Fig. 5 C.C. Wang demonstrating painting with the brush held obliquely


C. C. Wang himself paints with the brush held obliquely, sometimes at an angle of only 30 or 40 degrees to the painting surface (fig. 5). Yet the hand and wrist are positioned in such a way that the tip of the brush remains centered in the line, no matter in which direction the lines are drawn. A fundamental measure of the painter's skill is his ability to manipulate the brush in such a way as to always maintain the tip within the center of the line. To create a beautiful line the skillful painter must also succeed in varying the pressure of the stroke, and controlling the flow of ink to the brush tip.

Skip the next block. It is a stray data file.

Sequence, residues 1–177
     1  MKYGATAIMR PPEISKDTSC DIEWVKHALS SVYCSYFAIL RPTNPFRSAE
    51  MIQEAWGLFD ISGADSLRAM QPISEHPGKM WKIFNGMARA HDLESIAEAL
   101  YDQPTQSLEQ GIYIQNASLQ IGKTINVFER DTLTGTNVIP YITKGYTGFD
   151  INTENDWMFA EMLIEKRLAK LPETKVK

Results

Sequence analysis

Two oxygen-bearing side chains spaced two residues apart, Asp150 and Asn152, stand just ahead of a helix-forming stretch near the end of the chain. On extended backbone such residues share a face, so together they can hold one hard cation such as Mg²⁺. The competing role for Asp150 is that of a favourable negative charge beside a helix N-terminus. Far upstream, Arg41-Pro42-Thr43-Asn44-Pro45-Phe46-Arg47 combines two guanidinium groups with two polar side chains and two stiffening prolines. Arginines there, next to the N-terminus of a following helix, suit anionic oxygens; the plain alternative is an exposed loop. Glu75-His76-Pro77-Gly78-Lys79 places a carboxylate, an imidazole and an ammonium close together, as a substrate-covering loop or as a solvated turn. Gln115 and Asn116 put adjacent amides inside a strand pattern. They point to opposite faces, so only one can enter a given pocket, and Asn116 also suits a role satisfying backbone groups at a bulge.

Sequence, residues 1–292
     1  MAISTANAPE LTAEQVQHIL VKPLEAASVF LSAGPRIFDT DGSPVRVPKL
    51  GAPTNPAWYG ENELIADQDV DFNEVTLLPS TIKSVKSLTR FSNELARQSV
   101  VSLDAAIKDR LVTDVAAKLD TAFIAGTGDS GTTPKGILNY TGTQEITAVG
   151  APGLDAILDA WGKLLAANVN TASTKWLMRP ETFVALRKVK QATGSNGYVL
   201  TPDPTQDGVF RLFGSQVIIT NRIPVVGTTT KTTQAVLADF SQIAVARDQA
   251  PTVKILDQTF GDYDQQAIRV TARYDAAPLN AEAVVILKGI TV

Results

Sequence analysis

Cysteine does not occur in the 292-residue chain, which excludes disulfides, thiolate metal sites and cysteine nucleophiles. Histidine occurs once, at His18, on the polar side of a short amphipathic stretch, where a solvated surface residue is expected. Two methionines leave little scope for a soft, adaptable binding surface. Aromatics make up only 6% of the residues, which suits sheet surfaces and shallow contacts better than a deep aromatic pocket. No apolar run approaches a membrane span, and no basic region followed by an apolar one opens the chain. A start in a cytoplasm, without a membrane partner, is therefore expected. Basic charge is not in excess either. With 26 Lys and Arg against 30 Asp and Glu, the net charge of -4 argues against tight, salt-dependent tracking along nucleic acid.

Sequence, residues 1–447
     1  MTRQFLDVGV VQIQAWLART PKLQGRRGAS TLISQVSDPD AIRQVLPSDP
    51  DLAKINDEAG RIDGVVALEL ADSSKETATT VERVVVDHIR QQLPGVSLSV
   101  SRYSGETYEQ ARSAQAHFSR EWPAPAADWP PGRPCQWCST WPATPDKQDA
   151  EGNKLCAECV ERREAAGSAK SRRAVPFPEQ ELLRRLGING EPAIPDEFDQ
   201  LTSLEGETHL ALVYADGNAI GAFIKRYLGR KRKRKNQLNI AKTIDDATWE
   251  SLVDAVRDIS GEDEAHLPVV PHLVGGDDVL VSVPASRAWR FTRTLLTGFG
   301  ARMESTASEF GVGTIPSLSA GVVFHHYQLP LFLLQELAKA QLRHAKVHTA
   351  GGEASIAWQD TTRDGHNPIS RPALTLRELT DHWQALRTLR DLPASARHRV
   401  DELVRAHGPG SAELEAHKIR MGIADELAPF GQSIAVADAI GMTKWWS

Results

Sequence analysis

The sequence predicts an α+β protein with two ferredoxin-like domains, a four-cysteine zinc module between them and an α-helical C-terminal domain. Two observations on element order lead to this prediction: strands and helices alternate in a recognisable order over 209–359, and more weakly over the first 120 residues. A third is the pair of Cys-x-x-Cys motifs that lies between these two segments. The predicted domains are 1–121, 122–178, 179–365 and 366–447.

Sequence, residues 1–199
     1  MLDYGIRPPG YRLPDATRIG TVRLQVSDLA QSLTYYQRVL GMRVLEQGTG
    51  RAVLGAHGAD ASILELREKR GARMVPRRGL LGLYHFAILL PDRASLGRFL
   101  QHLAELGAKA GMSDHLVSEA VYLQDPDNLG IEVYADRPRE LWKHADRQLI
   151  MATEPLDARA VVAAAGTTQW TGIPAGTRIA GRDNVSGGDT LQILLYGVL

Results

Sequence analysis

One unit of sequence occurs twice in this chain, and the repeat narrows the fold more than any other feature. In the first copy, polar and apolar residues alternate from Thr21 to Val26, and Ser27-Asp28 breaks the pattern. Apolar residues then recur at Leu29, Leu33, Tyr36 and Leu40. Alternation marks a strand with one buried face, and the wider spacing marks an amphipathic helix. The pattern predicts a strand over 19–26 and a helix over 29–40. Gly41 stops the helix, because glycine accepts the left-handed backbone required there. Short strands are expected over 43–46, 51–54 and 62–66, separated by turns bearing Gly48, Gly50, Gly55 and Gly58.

C. C.'s definition  of zhongfeng  (hinted at in Ch'en Chih-mai's first quote above) extends to the quality of the line itself, as distinct from its representational function and value.9 In discussing brushwork and its qualitative criteria, one of the most basic of which is zhongfeng, in this new, broader sense of  "centeredness," subject matter is secondary. The same basic standards should hold true for landscape, figure, and bird and flower painting.

Fig. 6 Twine (illustrating a centered line)

Fig. 7 Ribbon (illustrating an uncentered line)